A Post-Keynesian Approach
- New Directions in Modern Economics series
Edited by Claude Gnos, Louis-Philippe Rochon and Domenica Tropeano
Chapter 6: Still Unemployed, After All These Wage Cuts. Labor in Europe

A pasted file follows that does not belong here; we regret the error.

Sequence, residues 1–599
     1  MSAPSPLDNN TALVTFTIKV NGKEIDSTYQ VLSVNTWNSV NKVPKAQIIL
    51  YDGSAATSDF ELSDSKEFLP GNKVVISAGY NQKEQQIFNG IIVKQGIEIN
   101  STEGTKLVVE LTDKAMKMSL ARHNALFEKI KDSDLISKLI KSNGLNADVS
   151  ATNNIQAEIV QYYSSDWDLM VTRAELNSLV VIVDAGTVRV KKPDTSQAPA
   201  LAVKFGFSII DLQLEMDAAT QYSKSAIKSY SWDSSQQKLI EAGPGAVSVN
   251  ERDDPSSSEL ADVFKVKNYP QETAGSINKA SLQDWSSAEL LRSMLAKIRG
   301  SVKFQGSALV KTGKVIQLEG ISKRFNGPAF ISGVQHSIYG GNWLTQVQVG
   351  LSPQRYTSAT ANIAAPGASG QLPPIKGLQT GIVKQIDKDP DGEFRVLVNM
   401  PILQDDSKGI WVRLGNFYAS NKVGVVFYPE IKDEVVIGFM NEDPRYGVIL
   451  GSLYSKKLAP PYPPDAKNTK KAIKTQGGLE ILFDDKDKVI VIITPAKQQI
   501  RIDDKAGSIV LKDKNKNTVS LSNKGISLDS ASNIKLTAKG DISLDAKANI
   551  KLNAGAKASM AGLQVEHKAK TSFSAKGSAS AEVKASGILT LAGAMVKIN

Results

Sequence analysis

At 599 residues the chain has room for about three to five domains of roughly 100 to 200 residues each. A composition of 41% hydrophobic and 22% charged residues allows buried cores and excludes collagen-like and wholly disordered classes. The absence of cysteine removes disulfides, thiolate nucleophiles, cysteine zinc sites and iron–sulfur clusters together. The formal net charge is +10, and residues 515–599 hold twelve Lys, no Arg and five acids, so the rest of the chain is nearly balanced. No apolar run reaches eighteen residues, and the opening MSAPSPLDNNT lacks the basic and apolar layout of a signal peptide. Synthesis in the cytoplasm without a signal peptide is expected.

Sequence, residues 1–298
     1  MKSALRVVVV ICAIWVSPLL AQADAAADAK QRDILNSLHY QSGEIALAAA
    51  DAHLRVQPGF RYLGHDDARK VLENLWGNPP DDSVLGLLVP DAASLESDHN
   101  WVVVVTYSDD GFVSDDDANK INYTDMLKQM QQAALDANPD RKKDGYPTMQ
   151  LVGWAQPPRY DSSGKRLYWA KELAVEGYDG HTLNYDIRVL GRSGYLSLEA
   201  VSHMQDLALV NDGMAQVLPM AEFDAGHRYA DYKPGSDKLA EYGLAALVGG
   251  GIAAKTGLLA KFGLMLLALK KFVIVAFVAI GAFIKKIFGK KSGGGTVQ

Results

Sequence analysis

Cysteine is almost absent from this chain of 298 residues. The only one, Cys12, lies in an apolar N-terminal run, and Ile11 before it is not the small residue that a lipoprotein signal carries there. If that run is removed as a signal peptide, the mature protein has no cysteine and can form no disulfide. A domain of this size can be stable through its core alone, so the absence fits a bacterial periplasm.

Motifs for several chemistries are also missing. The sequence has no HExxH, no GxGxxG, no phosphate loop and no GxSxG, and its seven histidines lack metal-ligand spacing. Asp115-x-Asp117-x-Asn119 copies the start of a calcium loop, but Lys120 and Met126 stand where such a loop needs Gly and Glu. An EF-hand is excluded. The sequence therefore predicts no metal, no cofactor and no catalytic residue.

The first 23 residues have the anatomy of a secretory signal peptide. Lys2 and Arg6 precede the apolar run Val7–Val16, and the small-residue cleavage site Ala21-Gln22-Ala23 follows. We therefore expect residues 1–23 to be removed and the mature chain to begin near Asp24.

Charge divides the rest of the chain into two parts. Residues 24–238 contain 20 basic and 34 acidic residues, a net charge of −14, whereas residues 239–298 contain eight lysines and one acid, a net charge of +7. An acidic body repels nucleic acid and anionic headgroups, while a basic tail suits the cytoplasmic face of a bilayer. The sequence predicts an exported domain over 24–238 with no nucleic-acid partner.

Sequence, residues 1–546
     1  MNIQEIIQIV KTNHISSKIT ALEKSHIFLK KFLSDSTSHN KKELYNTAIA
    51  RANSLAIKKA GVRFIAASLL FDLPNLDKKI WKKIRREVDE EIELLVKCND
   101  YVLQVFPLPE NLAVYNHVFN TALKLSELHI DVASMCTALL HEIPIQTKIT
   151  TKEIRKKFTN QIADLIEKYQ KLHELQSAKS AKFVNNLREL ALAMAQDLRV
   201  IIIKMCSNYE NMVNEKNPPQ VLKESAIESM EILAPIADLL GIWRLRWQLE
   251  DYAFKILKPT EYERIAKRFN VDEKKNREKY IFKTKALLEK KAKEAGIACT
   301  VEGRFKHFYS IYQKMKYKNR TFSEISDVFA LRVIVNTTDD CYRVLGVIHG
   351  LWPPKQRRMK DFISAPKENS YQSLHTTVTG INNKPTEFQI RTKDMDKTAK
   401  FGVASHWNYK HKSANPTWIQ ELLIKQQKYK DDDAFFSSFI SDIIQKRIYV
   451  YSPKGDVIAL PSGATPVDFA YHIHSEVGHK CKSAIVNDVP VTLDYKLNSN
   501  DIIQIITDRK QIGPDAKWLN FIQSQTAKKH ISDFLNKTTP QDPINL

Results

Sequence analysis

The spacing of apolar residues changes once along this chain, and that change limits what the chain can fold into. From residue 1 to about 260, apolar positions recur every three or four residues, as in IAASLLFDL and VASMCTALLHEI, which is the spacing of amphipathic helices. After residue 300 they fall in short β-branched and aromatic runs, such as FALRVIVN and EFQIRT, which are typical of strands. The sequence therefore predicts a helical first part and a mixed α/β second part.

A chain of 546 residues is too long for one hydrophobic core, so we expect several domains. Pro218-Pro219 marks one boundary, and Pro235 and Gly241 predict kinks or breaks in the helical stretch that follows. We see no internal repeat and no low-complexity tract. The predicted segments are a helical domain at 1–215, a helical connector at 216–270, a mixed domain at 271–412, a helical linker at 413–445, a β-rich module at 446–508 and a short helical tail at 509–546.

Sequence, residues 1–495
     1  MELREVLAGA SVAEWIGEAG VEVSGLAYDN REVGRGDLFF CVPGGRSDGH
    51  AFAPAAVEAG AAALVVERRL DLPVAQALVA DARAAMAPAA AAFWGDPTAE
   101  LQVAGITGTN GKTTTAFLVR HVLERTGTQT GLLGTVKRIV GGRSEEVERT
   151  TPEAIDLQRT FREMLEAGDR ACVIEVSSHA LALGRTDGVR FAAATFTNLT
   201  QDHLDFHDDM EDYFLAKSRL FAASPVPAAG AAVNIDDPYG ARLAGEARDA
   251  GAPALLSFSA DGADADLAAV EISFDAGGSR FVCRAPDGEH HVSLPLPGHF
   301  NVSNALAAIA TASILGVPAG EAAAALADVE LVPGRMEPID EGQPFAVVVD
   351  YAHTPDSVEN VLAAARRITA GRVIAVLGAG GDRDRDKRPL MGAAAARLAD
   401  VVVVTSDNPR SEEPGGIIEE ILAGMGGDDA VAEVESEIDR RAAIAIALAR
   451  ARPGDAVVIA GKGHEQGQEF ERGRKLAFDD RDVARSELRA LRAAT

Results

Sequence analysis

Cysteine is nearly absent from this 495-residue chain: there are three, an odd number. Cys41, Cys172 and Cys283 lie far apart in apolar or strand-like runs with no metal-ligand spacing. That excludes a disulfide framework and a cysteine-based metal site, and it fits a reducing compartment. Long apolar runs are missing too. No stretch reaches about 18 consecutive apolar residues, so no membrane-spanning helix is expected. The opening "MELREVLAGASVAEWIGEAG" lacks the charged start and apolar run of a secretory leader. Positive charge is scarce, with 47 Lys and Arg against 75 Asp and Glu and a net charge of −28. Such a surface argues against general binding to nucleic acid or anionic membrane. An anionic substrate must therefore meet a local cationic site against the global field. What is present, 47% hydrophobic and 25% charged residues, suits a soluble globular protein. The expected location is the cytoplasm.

Engelbert Stockhammer INTRODUCTION Much as in the rest of the world, the late 1970s and early 1980s marked a watershed in European politics. Unlike in the USA or the UK, neoliberalism in continental Europe did not come with an outright assault on labor unions. Notably, important transformations were initiated not by national governments, but by supranational organizations and central banks. The Single European Act, signed in 1986 and effective in 1992, opened national economies and established a competition policy that rules out industrial policy and prevents state-owned enterprises from being subsidized for employment policy. International capital flows were liberalized as part of the European Monetary System (EMS). The Bundesbank dominated the EMS throughout the 1980s and dictated a high real interest rate, which high-inflation countries had to top in order to maintain stable exchange rates. In the 1990s the Bundesbank was succeeded by the European Central Bank, and the Stability and Growth Pact (SGP) shaped monetary and fiscal policies. One of the most important outcomes of these policies was the rise and the persistence of unemployment. Unemployment in the euro area was around 2 percent in 1970 but increased to (and above) 8 percent after 1981. A second important development has received less publicity: wage growth has consistently lagged behind productivity growth in this period, which amounts to a substantial redistribution of income between capital and labor.1 Critical economists have frequently blamed monetary and fiscal policies for these developments, but few quantitative assessments of their relative impact exist. Ideally one...
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